Women live longer than men.

Everyone knows this.

So women need more money to retire, no matter what. With an increasing number of women entering their 60's single, divorced, or widowed, this is starting to look like a real problem. Unfortunately, Social Security makes the problem worse by stacking the deck against single workers.

We're not talking small change. By my calculations, being a single woman worker requires an additional $82,500 to $245,000 in savings over being married. This is a direct result of the Leave It To Beaver family assumptions built into the Social Security benefit structure.

To understand how this happens, follow me on the question trail started by two women readers.

Responding to a recent column on retirement planning, Eileen asked: "Since there are so many single and divorced women today could you add a footnote… on what figure to aim for, or additional things women should do to secure their retirement?" 

Beverly put the question another way: "Please explain 'basically, you need about 16 years of final pay (in savings) to retire.  Social Security is good for six or seven years of that, so your actual target is around 10 years of final pay.

"So if I make $50 thousand a year, my goal is $500 thousand in my savings…" 

Both women were referring to some rough rules of thumb used by Dallas benefits attorney Brooks Hamilton when he talks about improving 401(k) plans so workers can retire with dignity. (See "Saving Up Slice by Slice", Sunday, February 15, 2004) A life annuity, for instance, can be purchased at age 65 for about 16 times what it will pay in annual income. That's a very rough measure of how much you need to replace your earning power: 16 years of final income.

Social Security is also a life income. It will replace 23 to 44 percent of final pay for most workers. It replaces more for low-income workers, less for high-income workers. A typical worker can expect Social Security benefits equal to about 40 percent of final pay. Using Hamilton's shorthand, that's the equivalent of about 6 of the needed 16 years.

To make our personal plans, however, we should be a bit more precise.

We can do this by checking some regular research on replacement income requirements done at Georgia State University. According to their study, last updated in 2001, a 65-year old single worker earning $50,000 needs to replace only 74 percent of pre-retirement income.

The researchers get to this figure by adjusting for payroll taxes, lower income taxes, work related spending, and the elimination of regular savings. As a consequence, a single worker earning $50,000 only needs about $37,000 as a retiree.

The researchers also estimate Social Security will provide nearly $16,000 a year in benefits for the $50,000 single worker.  That leaves $21,000 that must be replaced from personal savings. Since you can safely make nest egg withdrawals in the range of 4 to 5 percent a year, this implies a nest egg of $420,000 to $525,000--- in the ballpark with Mr. Hamilton's rule of thumb.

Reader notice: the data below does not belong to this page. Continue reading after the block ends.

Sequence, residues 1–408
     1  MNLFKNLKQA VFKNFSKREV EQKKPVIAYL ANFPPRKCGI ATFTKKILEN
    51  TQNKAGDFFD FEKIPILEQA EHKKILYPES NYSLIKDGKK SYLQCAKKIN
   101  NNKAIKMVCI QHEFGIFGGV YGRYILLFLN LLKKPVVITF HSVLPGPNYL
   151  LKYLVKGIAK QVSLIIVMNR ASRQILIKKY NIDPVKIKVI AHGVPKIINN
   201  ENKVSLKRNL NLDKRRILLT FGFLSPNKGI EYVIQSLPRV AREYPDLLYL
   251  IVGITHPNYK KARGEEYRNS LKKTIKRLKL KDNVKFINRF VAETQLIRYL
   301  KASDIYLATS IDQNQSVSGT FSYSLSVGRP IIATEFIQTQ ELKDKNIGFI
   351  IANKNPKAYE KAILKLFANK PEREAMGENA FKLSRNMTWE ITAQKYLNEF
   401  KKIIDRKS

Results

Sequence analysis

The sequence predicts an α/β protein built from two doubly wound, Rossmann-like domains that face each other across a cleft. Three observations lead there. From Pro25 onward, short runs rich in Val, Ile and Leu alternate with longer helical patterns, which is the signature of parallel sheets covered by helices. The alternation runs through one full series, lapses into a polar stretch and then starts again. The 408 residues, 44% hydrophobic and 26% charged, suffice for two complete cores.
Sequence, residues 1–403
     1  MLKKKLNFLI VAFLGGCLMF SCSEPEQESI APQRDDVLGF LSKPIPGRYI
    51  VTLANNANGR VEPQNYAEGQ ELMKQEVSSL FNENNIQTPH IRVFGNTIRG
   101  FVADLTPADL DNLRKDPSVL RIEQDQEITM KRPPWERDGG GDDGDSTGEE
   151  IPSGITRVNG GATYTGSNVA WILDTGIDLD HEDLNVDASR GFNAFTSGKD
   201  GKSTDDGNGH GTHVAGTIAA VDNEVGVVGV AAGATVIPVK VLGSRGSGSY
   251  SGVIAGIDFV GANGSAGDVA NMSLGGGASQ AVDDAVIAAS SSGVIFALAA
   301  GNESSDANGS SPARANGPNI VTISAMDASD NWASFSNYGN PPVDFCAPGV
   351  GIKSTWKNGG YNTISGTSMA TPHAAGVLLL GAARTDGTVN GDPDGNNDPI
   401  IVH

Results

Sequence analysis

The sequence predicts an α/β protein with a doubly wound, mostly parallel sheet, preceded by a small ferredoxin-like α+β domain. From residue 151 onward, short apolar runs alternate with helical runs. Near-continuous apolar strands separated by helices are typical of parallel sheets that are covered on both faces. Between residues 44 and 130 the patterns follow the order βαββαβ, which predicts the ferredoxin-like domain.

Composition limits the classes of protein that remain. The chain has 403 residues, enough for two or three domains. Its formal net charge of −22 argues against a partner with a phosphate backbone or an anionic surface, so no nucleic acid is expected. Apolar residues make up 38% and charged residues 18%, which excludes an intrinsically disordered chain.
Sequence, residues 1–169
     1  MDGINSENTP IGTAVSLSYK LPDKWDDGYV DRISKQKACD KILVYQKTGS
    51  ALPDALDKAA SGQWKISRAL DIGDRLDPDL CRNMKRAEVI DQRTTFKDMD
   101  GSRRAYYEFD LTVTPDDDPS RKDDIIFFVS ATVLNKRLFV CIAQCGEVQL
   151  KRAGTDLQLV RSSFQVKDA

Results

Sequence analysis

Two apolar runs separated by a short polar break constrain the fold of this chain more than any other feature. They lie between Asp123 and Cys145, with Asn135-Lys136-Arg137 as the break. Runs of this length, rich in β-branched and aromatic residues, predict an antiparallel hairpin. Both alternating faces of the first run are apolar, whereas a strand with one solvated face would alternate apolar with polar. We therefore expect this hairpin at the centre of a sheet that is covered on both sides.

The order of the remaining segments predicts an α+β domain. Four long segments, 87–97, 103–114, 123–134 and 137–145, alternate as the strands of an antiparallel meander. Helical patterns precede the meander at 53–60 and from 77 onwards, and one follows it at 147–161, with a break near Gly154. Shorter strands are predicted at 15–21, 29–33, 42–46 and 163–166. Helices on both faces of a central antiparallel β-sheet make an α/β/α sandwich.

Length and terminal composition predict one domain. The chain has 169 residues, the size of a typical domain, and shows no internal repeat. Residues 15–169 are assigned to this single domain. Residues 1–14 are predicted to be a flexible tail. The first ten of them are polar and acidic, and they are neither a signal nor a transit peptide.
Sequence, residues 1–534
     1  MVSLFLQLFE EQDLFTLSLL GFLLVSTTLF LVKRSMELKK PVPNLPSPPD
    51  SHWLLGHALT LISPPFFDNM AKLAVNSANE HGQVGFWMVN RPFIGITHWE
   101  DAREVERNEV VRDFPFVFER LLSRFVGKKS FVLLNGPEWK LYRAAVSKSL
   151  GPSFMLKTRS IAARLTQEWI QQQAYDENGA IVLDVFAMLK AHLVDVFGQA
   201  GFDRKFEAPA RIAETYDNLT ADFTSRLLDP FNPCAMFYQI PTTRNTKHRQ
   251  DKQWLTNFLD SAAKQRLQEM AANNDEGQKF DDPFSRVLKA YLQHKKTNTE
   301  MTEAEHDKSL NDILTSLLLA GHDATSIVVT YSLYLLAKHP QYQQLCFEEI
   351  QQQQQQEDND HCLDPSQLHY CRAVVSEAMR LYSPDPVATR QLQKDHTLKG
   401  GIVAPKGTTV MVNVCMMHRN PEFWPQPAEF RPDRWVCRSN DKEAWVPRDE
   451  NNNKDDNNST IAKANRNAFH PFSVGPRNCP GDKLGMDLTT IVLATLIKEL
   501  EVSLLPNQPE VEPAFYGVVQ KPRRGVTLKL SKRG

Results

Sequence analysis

The Georgia state research project assumes that you live almost exactly as you did before retiring. If you move to a lower cost area or to a lower cost house the nest egg requirement can be drastically reduced.

Single women, however, get a surprise when you compare how much income a single worker will have to replace from savings compared to a married worker.

The single $50,000 worker can expect Social Security to replace 32 percent of final income at retirement.  Social Security will replace 44 percent of a married workers' final wages for a one-earner household. This happens because the non-earner in a couple can collect retirement benefits based on his or her spouses' earnings record. The extra benefit is smaller for a married couple with two earners.

If you get more money from Social Security, you don't need as much money from your personal savings.  More income from Social Security means married couples can save less than single workers, many of whom are single women.

A single woman earning $50,000, for instance, will need to draw 42 percent of her pre-retirement income from her savings. A single earner married couple will need only 32 percent. The 10 percent difference is $5,000 a year.

That, in turn, means the single woman needs to save $100,000 to $125,000 more than a single earner married couple.

The table below shows the additional savings required at different levels of family income from $30,000 to $90,000.

 
The Single/Married Couple Nest Egg Gap
This table shows the percent of income that must be replaced from personal savings for single and married workers by income level. The additional nest egg required is then calculated by multiplying the income difference by 25, reflecting a 4 percent annual withdrawal rate.
Income level  $30,000 $50,000 $70,000 $90,000
Marital Status Percent of Income To Be Replaced from Savings
Single, age 65 38% 42% 56% 61%
One Earner Couple, age 65 and 62 27 32 42 51
Difference 11 32 42 51
Additional Nest Egg Required for Single Retiree, in Percent 11 10 14 10
Additional Nest Egg, in Dollars $82,500 $125,000 $245,000 $225,000
Data source: 2001 GSU/AON RETIRE Project, Georgia State University
 

On the web:

"Saving Up Slice by Slice", Sunday, February 15, 2004